World Cafe Live Joins National Independent Venue Association (NIVA)

4/16/2020 by Dave Brooks via Billboard // View Full Article

The National Independent Venue Association (NIVA) will be helmed by Rev. Moose with branding and marketing firm Marauder and so far counts more than 450 national venues as members.

Independent concert promoters and venue operators from across the U.S. are teaming to lobby Congress and the White House for federal aid to help club and theaters hurt by the coronavirus pandemic.

The National Independent Venue Association (NIVA) will be helmed by Rev. Moose with branding and marketing firm Marauder and so far counts more than 450 national venues as members. Among them are the 9:30 Club in Washington D.C., World Cafe Live in Philadelphia, Hotel Cafe in Los Angeles, the Red River Cultural District in Austin and the Exit/In in Nashville.

“This is like a battle of survival and in order to survive, we need to put our best foot forward and have the most amount of unity and power that we can behind us,” explains Dayna Frank, owner of First Avenue in Minneapolis and NIVA board member.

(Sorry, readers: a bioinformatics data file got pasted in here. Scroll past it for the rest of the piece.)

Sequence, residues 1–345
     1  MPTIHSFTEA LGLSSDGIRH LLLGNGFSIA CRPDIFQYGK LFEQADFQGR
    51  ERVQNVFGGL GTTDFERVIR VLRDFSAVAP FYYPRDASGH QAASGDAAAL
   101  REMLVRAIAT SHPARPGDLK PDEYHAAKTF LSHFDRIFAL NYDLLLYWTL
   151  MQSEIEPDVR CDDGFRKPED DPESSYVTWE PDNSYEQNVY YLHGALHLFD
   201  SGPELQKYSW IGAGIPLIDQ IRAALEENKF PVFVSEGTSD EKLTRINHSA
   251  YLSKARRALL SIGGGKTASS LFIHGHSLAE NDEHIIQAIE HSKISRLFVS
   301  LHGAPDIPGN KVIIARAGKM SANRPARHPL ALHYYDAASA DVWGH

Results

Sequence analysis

Concert venues and clubs were among some of the first businesses to close as the coronavirus spread across America and they’ll be likely be among some of the last venues allowed to reopen once the pandemic ends. Already facing pressure from a rapidly consolidating music industry, rising rents and difficulty participating in the financial system, Frank says many venues and their employees are facing an existential crisis as a result of the COVID-19 crisis.

“It is going to be a long struggle, but if we can all unite and speak with one voice, we’ll be able to help each other,” Frank adds.

Thanks to funding from See Tickets and Lyte, NIVA has hired well known Washington D.C. lobbying and international law firm Akin Gump to represent the venues and promoters who make up the group.

“Even though we were an independent group venue owners and operators, we wanted to hire the strongest possible lobbying group to be able to make our voices heard because we knew that everyone would be seeking to be heard at this point in time,” says Gary Witt, chief executive of Pabst Theater Group in Milwaukee.

Independent promoters have been under represented in the past — groups like the National Association of Concert Promoters have both independent and corporate promoter members and largely focus on negotiating publishing licenses with the royalty rights organizations. In March, the Independent Promoter Alliance was launched by Dave Poe of New York-based Patchwork Present and Ineffable Music and Jessica Gordon Broadberry Entertainment Group to focus on concert promotion.